I remember thinking the Yankees should look into trading Matsui as well. Damon and Abreu were insanely durable players who never got hurt and Matsui at DH meant Jason Giambi would have to play first base. If they could get something decent for him with two years and $26M left on his contract, why not? The Yankees didn’t trade Matsui though, thankfully, and he hit .294/.370/.424 (108 OPS+) with nine homers in 93 games in 2008 while missing a bunch of time with knee problems.
It sounds completely insane now — trade Matsui, really?!? — but back then it wasn’t crazy at all. Trading a guy in his mid-30s who was in the middle of breaking down physically wasn’t a ridiculous idea.
SI.com’s Jon Heyman says Yankees outfielder Johnny Damon considered retiring a year ago in the spring. He would’ve been walking away from $39MM. He was coming off a fine season, too.
For some reason the link now redirects to Bleacher Report (?), so I can’t see if Heyman explained why Damon was considering retirement. Damon hit .285/.359/.482 (115 OPS+) with a career-high 24 homers in 2006, his first in New York, so there’s no performance reason why he would consider calling it quits. Then he hit .270/.351/.396 (96 OPS+) with 12 homers in 2007 and was banged up all year. Maybe Damon was hurting more than he let on and didn’t want to play through pain anymore? Either way, he didn’t retire. He still hasn’t, really. He’s been looking for a team to give him a chance since last year.
Freddy Garcia‘s agent talks about the Mets, Yankees, and Red Sox for his client. Garcia is targeting a June or July return.
This was right when Garcia was going through all the arm injuries that robbed him of his hellacious mid-90s sinker and turned him into a junkballer. He threw only 58 innings for the Phillies in 2007 and was terrible (78 ERA+ and 5.85 FIP) before having surgery to repair his labrum and rotator cuff, and he remained unsigned until the Tigers took a flier in August 2008. So his agent was out there trying to get Freddy signed but no one bit.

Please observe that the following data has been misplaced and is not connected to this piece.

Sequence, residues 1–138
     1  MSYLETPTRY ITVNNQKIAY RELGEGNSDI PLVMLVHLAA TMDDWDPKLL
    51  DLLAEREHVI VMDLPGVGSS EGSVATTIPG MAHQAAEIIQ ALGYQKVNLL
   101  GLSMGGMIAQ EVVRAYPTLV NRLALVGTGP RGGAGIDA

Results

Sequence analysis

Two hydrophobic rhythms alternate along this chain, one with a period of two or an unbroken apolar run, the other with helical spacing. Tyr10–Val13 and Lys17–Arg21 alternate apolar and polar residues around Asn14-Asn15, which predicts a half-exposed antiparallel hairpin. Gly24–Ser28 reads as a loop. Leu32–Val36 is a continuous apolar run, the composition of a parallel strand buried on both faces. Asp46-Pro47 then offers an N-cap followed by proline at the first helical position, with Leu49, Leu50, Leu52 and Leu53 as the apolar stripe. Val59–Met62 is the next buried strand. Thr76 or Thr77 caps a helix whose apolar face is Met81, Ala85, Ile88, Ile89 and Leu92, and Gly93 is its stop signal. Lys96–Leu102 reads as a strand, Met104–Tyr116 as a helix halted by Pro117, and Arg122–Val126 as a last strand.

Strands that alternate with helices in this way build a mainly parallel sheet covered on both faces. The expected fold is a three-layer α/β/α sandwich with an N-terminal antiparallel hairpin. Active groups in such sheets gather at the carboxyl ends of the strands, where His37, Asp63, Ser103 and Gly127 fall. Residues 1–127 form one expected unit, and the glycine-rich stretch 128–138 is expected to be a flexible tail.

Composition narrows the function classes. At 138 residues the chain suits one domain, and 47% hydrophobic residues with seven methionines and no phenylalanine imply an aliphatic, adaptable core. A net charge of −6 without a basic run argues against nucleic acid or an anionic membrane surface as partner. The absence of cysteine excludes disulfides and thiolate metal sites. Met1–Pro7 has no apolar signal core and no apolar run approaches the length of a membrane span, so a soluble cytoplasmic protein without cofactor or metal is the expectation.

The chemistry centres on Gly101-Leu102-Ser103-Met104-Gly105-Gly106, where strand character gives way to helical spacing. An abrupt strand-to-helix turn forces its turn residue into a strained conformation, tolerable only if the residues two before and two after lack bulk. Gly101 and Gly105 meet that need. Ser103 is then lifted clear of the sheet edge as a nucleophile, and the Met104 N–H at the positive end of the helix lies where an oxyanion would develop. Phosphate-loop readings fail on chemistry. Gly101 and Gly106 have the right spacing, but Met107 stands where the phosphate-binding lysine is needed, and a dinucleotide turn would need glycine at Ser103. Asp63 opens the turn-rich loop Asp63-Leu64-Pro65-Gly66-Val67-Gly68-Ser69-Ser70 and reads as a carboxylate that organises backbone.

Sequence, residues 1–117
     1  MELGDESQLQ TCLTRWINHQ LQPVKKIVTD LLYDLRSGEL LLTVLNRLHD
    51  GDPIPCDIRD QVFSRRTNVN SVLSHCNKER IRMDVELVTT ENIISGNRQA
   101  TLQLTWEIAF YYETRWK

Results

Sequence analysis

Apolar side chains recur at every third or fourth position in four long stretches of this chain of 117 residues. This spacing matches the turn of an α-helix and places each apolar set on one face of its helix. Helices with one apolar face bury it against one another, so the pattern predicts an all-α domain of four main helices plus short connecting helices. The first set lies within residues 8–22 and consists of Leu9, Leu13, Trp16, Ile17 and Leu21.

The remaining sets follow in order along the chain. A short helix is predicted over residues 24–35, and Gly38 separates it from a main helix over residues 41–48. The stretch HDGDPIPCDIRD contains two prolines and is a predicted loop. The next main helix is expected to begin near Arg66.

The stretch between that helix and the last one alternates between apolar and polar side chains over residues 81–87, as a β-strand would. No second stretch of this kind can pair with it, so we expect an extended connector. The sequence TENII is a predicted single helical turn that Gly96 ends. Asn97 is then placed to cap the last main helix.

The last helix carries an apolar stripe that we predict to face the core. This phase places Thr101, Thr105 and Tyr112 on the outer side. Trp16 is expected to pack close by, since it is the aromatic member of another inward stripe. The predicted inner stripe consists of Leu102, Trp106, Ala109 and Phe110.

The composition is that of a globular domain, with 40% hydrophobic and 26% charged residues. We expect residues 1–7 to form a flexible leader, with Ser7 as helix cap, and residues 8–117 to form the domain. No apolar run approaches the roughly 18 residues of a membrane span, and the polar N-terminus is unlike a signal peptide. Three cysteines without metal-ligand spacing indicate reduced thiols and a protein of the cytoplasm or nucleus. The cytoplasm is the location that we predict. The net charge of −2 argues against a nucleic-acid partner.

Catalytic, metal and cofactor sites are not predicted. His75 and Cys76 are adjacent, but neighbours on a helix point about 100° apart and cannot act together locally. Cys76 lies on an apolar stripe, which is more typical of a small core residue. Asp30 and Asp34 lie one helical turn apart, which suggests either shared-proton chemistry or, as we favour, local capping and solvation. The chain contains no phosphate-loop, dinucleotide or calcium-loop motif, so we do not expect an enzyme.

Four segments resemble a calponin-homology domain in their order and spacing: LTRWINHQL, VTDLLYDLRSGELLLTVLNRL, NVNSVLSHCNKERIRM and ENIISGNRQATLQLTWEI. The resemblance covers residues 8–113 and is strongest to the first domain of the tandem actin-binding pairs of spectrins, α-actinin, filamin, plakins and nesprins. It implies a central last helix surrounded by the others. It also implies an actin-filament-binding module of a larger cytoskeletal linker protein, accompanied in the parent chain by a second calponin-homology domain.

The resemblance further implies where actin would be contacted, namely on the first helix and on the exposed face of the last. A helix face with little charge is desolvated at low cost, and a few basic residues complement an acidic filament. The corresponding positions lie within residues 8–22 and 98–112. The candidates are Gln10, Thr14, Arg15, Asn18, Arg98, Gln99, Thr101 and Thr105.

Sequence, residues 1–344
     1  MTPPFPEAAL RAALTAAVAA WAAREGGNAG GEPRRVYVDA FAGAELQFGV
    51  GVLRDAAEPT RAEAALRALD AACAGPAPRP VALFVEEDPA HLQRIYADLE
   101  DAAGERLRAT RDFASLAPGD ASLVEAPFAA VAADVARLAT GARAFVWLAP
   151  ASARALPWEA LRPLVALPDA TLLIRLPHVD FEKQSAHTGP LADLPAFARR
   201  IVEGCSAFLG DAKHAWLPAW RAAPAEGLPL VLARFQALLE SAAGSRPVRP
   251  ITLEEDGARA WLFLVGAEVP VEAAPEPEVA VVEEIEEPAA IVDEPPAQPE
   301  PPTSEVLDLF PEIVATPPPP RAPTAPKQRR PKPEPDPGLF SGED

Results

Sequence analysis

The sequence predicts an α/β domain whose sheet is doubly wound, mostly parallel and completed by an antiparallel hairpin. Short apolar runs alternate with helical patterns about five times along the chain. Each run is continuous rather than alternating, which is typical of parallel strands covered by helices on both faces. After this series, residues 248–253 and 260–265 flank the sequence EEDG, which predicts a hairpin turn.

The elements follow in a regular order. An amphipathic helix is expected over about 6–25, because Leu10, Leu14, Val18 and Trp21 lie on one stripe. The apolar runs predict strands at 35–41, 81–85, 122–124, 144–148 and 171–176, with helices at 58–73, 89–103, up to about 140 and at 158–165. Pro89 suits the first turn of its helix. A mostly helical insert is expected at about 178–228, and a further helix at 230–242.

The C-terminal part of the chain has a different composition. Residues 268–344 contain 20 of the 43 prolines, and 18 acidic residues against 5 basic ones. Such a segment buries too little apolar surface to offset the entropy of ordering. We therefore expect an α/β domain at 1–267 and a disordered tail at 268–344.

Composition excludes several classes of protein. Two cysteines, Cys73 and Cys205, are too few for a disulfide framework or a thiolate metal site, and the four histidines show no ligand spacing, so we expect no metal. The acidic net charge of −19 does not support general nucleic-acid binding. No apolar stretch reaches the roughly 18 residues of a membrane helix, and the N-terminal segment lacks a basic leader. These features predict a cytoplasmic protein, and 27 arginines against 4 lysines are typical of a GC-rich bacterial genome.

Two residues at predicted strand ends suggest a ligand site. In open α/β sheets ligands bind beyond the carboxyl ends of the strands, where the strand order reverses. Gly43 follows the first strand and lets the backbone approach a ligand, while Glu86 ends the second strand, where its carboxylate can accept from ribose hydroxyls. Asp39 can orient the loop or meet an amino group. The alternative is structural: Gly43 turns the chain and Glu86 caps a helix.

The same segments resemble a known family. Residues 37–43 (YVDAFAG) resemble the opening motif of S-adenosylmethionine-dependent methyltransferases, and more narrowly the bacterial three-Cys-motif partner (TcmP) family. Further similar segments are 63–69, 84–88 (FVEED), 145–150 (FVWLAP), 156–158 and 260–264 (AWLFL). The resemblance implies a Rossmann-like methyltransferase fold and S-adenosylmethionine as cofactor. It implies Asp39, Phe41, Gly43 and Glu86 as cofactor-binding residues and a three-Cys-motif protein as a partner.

Garcia made three okay starts for Detroit (eight runs in 15 innings), signed with the White Sox after the season, then had a 4.34 ERA (109 ERA+) with Chicago in nine starts while again battling injury. From 2007-09, Sweaty Freddy had a 5.02 ERA (92 ERA+) and 4.55 FIP in 129 total innings. He looked done after the shoulder injury. Garcia has stayed relatively healthy since 2009 though and he did ultimately end up with the Yankees from 2011-12. Here are his ERA+ marks by year from 2010-13:
119 <– Yankees!
Freddy was alright.
Rosenthal notes that the Yankees, in search of a right-handed outfielder, considered Shannon Stewart and Mike Cameron this winter.
The Yankees had been connected to Cameron on and off for years, so that’s not surprising, but Shannon Stewart! Remember when he got traded to the Twins at the deadline in 2003, had that absurd second half (.322/.384/.470 for a 124 OPS+), and finish fourth in the AL MVP voting? What the hell was that about?
Anyway, Stewart had just hit .290/.345/.394 (100 OPS+) with 12 homers in 146 games for the Athletics in 2007 after putting up a weak .279/.329/.383 (87 OPS+) line with Minnesota from 2005-06. The Blue Jays signed him, he hit .240/.325/.303 (71 OPS+) in 52 games and got released in August. Hasn’t played since.
The Yankees, meanwhile, tried Shelley Duncan (43 OPS+), Morgan Ensberg (34 OPS+), and Richie Sexson (101 OPS+) as right-handed platoon bats before picking up Xavier Nady at the trade deadline. Platoon bats, huh? They always sounds like such a great idea until they actually get on the field.